What it takes to fly: the structural and functional respiratory refinements in birds and bats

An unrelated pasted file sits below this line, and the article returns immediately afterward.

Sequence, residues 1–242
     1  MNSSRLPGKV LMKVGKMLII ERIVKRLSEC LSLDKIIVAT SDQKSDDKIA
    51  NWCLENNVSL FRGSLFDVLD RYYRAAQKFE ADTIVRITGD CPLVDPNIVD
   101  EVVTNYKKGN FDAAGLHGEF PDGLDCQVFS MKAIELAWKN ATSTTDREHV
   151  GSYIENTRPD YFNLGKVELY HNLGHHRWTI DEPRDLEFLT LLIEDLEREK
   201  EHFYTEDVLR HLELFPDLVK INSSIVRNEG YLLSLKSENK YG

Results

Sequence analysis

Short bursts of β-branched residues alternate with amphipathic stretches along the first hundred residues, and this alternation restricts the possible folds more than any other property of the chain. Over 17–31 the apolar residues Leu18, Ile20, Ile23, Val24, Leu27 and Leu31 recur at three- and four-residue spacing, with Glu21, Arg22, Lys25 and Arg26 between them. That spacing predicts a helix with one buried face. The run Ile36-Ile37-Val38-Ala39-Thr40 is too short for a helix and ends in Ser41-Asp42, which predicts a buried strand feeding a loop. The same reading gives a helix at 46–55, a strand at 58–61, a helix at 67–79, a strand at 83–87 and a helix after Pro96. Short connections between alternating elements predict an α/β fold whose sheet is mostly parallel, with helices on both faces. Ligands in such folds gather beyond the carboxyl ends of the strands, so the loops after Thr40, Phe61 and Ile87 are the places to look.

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In absolute terms, flight is a highly energetically expensive form of locomotion. However, with respect to its cost per unit distance covered, powered flight is a very efficient mode of transport. Birds and bats are the only extant vertebrate taxa that have achieved flight. Phylogenetically different, they independently accomplished this elite mode of locomotion by employing diverse adaptive schemes and strategies. Integration of functional and structural parameters, a transaction that resulted in certain trade-offs and compromises, was used to overcome exacting constraints. Unique morphological, physiological and biochemical properties were initiated and refined to enhance the uptake, transfer and utilization of oxygen for high aerobic capacities. In bats, exquisite pulmonary structural parameters were combined with optimal haematological ones: a thin blood-gas barrier, a large pulmonary capillary blood volume and a remarkably extensive alveolar surface area in certain species developed in a remarkably large lung. These factors were augmented by, for example, exceptionally high venous haematocrits and haemoglobin concentrations. In birds, a particularly large respiratory surface area and a remarkably thin blood-gas (tissue) barrier developed in a small, rigid lung; a highly efficient cross-current system was fabricated within the parabronchi. The development of flight in only four animal taxa (among all the animal groups that have ever evolved; i.e. insects, the now-extinct pterosaurs, birds and bats) provides evidence for the enormous biophysical and energetic constraints that have stymied volancy. Bats improved a fundamentally mammalian lung to procure the large amounts of oxygen needed for flight. The lung/air sac system of birds is not therefore a prescriptive morphology for flight: the essence of its design can be found in the evolution of the reptilian lung, the immediate progenitor stock from which birds arose. The attainment of flight is a classic paradigm of the remarkable adaptability inherent in organismal and organic biology for countering selective pressures by initiating elegant morphologies and physiologies.